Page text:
Coming from a man who was disgraced by the same party that now terrorizes the American people, forced to defend his personal life time and time again from the idiocracy inherent on the right wing, to say that even he can empathize and love his enemies is a powerful statement that will resonate with the American people.
After all, it was only 15 years ago. We ain't that dumb. It was a noble and gracious sentiment and yet still stabbed at the heart of the Teabaggers in ways no other Democrat could.
Clinton dismantled the economic "policy" that Mitt Romney and Paul Ryan have both signed onto, and countered that cronies were more important to Romney and Republicans than jobs.
But this, this I think was Clinton's strongest argument of the night:
No president— not me or any of my predecessors could have repaired all the damage in just four years. But conditions are improving and if you'll renew the President's contract you will feel it.
President Obama inherited an economy teetering on the precipice of another Great Depression. We, as a people, won't credit him with saving it from disaster because the only way we could is if the disaster actually happened, the tape rewound, and the President steps in to save us in re-runs.
But Clinton laid out the case magnificently, using arithmetic and logic, and laid it out in language that the average person watching in his living room could understand.
It's a talent he has. It's a talent I can only aspire to as I write these pitiful little blogposts to you, my readers.
And now for a couple of side notes:
1) Tonight, President Obama will accept the party nomination for President. Last night, the last Democratic President was trotted out for a barnburner of a speech, but where was his wife?
She was in East Timor. Under the guise of "the Secretary of State should not attend political conventions," because, you know, politics stop at our shores. Right?
It would not surprise me, however, if Madam Secretary has an August surprise up her sleeve to bring home tonight, just ahead of the evening news cycle.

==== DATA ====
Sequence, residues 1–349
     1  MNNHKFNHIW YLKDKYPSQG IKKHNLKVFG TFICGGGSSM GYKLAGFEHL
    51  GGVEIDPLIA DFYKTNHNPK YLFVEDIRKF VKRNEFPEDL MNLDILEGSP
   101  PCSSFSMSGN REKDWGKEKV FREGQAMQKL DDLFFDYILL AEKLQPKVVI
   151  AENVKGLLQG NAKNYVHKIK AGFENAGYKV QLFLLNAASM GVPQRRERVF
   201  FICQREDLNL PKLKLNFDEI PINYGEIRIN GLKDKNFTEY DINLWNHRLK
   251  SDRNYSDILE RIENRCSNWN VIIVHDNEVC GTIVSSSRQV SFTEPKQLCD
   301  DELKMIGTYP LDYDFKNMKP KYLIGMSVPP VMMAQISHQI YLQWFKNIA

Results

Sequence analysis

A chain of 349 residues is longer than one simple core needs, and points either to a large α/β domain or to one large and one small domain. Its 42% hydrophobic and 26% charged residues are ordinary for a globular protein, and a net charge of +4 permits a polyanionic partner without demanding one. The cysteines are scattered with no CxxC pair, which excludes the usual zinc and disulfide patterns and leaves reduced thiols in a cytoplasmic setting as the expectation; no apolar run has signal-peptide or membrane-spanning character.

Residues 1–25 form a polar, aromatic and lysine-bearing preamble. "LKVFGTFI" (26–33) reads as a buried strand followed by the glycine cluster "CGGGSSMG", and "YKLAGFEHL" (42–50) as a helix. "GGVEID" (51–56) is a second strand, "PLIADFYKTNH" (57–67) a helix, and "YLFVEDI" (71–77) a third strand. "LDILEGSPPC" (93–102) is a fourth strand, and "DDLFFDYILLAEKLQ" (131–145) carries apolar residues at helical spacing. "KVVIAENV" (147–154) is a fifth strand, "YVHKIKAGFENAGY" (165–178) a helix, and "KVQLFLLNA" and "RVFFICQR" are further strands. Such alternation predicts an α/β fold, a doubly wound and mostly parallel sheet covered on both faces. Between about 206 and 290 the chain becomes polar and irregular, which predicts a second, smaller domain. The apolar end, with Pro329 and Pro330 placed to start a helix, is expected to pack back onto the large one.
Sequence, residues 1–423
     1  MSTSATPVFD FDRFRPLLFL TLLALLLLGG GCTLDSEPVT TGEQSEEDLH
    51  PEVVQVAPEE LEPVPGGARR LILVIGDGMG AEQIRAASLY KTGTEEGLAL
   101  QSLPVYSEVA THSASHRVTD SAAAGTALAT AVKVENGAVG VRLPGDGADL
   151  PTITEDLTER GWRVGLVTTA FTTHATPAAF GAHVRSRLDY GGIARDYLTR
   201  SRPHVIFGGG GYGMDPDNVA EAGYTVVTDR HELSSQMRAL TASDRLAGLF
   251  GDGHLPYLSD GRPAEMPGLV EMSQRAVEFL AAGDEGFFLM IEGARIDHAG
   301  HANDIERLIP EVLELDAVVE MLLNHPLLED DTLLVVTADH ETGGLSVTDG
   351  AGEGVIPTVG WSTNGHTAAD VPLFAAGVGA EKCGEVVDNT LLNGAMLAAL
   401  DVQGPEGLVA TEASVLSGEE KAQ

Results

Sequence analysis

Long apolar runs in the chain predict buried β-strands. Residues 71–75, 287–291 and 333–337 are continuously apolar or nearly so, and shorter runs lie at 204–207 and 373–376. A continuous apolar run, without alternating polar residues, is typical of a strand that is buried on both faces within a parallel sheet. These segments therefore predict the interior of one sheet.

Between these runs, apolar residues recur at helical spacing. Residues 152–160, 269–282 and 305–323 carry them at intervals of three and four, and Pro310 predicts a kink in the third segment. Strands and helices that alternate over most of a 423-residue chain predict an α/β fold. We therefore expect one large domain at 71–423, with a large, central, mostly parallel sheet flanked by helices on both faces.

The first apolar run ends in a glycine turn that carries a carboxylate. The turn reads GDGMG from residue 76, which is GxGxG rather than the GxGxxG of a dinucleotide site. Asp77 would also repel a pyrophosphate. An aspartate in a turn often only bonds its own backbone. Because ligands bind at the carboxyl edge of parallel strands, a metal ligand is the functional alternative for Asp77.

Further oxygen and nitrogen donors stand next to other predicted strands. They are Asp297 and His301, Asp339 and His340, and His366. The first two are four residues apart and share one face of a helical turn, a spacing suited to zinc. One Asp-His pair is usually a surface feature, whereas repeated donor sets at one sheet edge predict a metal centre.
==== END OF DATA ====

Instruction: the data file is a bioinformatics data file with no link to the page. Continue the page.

2) I would be remiss if I didn't not mention the speech given by Elizabeth Warren, Senate candidate from Massachussetts. Between her and the Big Dog, it was a wonky night, but a wonky night that was easily digestible by anyone who sat in front of a television and paid attention. She's a gifted explainer and I am sure that Massachussetts recognizes "smaht" when they see it.
3) Michelle Obama Tuesday night. Bill Clinton Wednesday night. They have stirred the convention, the national media and the electorate into a rhetorical frenzy. Either this convention has been one of the best choreographed conventions to re-introduce a President to his people, and Barack Obama has the greatest speech of his life in him (not an easy task, given how many great ones he has given), or the convention fizzles tonight. Either way, it will make for great television.
The people in the hall in Tampa stood and cheered. For the Dems, the people at home have stood and cheered right along with the delegates.
Game over.



Wednesday, September 05, 2012

Obama 2016

Dare I say it? Michelle/Hillary 2016?

(CNN) -- If Barack Obama is re-elected on November 6, he will owe more to his first lady than any president ever to win a second term.